INDIANAPOLIS -- Ten feet. I was 10 feet from Tom Brady's final Hail Mary pass that fell incomplete Sunday night.
And that final play. The ball was impossibly high and came down into a gaggle of players. Rob Gronkowski leaped, seemingly 10 feet, as the ball hit the ground. The crowd roared. Confetti streamed down to the field. As long as I live, I'll never forget the image of that pass, of being that close.
There's a bit of a disconnect when you watch a game from the field or the stands compared to seeing it on TV. It's hard to see when players are dominating, it's hard to see the rhythm.
Wes Welker's inability to come down with Tom Brady's pass with four minutes to go looked like a huge missed opportunity on TV, I'm sure. In the stadium? You could tell it was the missed knockout punch. It was letting the Giants up off the mat. The game could have been over, but instead the Giants had life. New England wasn't going to convert another third and long, and that was when I knew the Giants were going to win. And that was when the fans in the stands knew it too.
With five seconds remaining in the game, an entire season hung unresolved in the time it took for the ball to go from Brady's hand to fall incomplete on that final play.
My dad texted me after the game and asked why I didn't run onto the field to get the ball when the game ended if I was so close. I reminded him who I worked for and then he said if that was the case I should have been able to go try and catch it. He was kidding. I think.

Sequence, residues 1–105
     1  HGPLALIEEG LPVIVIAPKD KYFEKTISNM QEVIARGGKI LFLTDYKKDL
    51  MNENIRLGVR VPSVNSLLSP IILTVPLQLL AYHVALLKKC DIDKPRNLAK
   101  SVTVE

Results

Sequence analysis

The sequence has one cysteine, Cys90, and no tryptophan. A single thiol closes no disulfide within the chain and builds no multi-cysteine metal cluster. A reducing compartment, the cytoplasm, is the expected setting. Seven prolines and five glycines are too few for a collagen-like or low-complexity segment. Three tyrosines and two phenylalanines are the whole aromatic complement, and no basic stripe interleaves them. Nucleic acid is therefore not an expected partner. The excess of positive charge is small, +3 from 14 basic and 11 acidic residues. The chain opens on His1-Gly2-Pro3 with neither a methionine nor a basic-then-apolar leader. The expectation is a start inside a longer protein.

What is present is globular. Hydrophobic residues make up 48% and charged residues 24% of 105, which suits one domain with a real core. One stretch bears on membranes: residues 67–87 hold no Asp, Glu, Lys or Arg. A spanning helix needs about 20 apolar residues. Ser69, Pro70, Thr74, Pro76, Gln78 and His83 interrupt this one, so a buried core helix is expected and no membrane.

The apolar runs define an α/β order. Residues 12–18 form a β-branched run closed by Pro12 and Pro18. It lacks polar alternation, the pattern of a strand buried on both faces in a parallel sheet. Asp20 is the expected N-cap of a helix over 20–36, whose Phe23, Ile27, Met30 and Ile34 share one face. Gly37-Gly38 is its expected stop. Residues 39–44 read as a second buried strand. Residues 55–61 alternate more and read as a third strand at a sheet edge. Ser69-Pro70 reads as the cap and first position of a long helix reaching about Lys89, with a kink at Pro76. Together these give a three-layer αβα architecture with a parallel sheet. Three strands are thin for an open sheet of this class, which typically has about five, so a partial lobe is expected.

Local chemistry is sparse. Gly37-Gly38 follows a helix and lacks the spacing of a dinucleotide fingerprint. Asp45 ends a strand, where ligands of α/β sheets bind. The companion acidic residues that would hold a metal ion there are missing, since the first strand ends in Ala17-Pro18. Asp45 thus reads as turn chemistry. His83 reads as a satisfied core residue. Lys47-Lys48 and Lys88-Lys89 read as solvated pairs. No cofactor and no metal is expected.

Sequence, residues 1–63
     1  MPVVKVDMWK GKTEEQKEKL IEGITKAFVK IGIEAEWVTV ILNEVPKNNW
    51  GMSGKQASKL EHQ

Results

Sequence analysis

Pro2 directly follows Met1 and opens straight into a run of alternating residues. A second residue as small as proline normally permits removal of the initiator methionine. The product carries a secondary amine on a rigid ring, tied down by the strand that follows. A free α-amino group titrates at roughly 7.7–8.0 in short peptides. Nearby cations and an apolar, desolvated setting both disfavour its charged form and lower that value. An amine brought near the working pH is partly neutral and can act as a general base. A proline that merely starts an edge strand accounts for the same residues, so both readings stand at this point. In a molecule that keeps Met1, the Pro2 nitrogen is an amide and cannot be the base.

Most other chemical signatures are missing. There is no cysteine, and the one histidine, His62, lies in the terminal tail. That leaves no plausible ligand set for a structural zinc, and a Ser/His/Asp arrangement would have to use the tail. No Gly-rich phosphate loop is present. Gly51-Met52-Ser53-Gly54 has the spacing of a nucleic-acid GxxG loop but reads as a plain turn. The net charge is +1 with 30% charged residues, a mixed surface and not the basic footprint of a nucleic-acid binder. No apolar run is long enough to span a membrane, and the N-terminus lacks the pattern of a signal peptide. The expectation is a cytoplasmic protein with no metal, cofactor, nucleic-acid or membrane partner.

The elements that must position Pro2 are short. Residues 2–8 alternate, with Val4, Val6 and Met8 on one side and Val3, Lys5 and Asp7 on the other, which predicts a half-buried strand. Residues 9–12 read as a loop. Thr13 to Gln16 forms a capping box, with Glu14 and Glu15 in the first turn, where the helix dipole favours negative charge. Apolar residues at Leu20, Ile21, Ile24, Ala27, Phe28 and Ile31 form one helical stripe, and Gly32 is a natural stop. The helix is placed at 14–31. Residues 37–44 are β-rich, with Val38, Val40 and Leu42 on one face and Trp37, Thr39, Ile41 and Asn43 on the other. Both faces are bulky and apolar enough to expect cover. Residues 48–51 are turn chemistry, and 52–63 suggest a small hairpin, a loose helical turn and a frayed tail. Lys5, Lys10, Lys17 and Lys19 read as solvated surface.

But then I thought about it (while trying to take a picture next to Eli Manning's new Corvette): Would it have been worth it to throw my career away, and risk incredible injury, to run out on the field and try to catch the Hail Mary? I'm laughing as I'm typing this because I would never have done it, and don't condone it but what if?
Let's play it out for grins and giggles. I would have been immortal. I would have been the ultimate fan man. I would never truly die because it would have become THE most famous play in NFL history, and they'd play that highlight 60 years from now.
But I also saw this part of it. I imagine some anchor running down the highlights of the top 10 Super Bowl plays of all time and getting to No. 1 and saying, "And we all remember when former NFL personality Jason Smith ran onto the field to catch the Hail Mary at the end of Super Bowl XLVI. As you know, Gronkowski made the catch off the deflection for the score and the Giants wanted to do the play over and were denied. Smith was fired while receiving treatment in the hospital for a cracked skull, and later on spent the rest of his life eating mashed potatoes in a wheelchair."